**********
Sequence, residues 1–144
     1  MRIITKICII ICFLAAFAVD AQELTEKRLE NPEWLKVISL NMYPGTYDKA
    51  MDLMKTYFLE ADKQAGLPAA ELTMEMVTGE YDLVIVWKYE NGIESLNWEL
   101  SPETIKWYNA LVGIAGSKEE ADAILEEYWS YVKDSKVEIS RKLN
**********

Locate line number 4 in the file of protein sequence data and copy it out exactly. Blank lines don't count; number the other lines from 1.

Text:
   101  SPETIKWYNA LVGIAGSKEE ADAILEEYWS YVKDSKVEIS RKLN